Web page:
So Shelley and I decided to check out a jimjilbang a few weeks ago. For all of you who don't know, jimjilbangs are Korea's version of a bathhouse. Here you can find saunas, showers, hot tubs, sleeping rooms, tvs, food and drinks, etc. Basically all of the fixings from home, but better and at a very low price (I think we paid around 4,000 won). The jimjilbangs are unisex because everyone is... wait for it.......... butt naked. Now, I have no problem with nudity, but I am not completely comfortable with being nude in front of dozens of strangers either. Shelley's friend was also supposed to join us but decided to not go at the last minute. Therefore, we were left to figure out how a jimjilbang worked on our own. After paying, we were shown to the ladies area of the jimjilbang. We checked out the area to figure out what we were supposed to do, grabbed some lockers, and stripped down. I was a little uncomfortable at first, especially when the old women decided to stare for minutes on end. Women were just walking around as if it was the most normal thing in the world. But as the minutes went by, I felt just as comfortable as these other women looked. There were large hot tubs (which I believe were infused with different herbs) that varied in temperature and had different kinds of jets. There was a wet and dry sauna, showers, and a large area where people were scrubbing themselves down. I think that jimjilbangs are things that everyone must try at least once. I am definitely planning on going back again, which is the consensus I've heard from my friends.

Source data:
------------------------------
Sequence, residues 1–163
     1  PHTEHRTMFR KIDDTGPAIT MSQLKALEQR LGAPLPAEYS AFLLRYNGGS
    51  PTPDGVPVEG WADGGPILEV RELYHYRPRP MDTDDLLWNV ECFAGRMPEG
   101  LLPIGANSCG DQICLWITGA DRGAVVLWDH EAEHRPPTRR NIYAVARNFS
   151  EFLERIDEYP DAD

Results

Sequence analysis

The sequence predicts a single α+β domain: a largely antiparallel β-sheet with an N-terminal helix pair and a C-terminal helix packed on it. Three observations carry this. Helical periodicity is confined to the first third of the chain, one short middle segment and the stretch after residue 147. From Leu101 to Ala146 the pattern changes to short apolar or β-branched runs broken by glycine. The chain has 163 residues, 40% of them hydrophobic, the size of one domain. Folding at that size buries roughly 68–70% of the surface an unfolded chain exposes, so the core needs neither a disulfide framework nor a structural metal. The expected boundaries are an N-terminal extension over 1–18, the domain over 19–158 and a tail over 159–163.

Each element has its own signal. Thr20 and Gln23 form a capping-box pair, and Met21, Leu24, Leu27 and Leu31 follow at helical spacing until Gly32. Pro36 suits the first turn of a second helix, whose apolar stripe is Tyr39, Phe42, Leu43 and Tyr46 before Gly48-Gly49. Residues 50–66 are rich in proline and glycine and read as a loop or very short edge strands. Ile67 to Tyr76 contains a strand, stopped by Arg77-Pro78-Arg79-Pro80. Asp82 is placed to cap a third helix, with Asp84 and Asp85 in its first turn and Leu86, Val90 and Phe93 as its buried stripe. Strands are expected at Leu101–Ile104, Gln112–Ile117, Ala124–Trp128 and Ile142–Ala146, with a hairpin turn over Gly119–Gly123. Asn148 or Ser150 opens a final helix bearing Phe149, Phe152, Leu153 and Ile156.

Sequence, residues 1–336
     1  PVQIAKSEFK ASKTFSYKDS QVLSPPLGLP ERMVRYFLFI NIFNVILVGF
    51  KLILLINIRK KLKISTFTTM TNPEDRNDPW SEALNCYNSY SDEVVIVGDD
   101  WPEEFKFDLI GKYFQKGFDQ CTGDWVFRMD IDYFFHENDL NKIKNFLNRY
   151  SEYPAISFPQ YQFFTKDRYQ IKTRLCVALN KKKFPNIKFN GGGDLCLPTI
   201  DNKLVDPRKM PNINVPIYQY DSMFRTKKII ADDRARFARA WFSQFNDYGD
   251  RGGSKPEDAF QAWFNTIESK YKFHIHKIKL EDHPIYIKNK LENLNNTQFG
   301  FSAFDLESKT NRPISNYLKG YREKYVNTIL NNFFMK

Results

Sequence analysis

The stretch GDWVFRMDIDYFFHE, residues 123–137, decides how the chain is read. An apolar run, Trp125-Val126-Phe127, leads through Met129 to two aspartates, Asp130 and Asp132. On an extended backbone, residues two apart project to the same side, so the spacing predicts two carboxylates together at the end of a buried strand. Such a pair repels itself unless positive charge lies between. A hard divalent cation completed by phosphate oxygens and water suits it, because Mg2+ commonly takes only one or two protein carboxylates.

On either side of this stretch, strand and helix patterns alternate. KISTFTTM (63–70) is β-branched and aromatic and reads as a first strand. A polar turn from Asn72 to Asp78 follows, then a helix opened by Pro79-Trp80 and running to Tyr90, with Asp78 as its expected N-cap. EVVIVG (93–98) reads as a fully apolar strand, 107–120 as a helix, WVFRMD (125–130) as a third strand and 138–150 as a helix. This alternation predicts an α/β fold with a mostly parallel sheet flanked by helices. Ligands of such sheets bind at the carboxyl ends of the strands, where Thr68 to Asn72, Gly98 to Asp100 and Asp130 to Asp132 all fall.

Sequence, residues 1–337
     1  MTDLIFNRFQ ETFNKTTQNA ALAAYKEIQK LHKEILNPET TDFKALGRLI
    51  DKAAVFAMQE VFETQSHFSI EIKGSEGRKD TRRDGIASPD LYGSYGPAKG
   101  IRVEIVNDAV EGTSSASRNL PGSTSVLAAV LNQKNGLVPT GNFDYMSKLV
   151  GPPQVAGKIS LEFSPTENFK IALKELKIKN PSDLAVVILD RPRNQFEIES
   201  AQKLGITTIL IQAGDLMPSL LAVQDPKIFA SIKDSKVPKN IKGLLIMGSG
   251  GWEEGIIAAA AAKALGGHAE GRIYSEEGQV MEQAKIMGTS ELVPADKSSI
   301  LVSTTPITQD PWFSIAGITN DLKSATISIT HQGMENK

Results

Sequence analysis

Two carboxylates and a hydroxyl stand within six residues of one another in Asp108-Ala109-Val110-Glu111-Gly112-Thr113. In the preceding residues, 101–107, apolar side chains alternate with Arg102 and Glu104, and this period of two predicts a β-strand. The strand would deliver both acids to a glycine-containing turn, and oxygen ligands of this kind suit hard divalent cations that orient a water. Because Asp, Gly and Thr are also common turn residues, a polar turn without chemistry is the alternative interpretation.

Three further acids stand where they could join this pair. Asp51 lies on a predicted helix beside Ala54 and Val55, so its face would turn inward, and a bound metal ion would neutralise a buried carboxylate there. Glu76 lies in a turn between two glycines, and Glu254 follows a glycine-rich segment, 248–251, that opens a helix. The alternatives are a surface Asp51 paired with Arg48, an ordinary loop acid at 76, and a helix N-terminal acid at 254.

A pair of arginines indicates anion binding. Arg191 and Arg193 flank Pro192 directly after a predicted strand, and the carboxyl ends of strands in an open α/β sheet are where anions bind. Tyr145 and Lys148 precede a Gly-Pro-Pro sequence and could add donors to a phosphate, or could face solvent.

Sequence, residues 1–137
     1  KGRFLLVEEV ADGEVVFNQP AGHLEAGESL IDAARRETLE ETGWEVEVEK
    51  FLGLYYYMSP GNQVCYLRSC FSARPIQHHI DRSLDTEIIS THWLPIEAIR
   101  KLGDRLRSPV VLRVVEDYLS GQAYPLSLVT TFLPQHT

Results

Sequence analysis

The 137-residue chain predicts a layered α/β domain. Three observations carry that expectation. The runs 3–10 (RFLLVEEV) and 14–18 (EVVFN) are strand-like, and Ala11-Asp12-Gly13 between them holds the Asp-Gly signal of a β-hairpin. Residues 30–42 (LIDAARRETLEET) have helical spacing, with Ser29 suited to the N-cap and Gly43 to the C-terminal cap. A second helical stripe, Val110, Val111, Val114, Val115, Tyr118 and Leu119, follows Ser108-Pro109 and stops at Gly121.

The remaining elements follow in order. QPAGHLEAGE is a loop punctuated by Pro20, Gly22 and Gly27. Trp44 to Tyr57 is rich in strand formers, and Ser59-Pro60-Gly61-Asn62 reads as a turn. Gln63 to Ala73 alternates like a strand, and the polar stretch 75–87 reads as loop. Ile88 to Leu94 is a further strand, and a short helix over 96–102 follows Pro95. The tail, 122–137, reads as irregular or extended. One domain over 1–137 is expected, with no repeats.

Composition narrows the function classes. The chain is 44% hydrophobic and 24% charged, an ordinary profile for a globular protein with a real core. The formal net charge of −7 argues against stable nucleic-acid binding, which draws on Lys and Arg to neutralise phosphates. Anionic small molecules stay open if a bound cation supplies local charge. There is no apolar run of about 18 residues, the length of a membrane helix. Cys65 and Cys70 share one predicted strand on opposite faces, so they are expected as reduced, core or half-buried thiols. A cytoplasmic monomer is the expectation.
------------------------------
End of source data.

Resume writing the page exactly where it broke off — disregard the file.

I got my hair cut a few weeks ago as well. I was a little sketched out about getting my hair cut due to the whole language barrier. Getting a haircut can be stressful enough when the person actually speaks your language. Fortunately, Shelley knows the owner of one of the most famous salons in Daegu, Seok, and she had also gotten her own hair cut there a few weeks before. The woman who cut my hair knew enough English to understand "layers," "trim," and all of that good stuff. I also brought in a picture of some bangs that I wanted... they turned out more like Korean style bangs, but they still look ok. She pretty much implied my hair had a lot of damage and asked if she could cut it off. Sounded good to me, so off went a lot of my hair. So, to get my hair washed and trimmed it was only 15,000 won (about $13!). Even the worst haircut of your life would cost you more than that back in the states!...And my coteachers said that 15,000 won was WAY too expensive for a haircut here. I think not. My hair feels incredibly healthy and I like the cut. All in all I would definitely recommend going to Seok (www.seok-hair.co.kr). There are salons all over Daegu!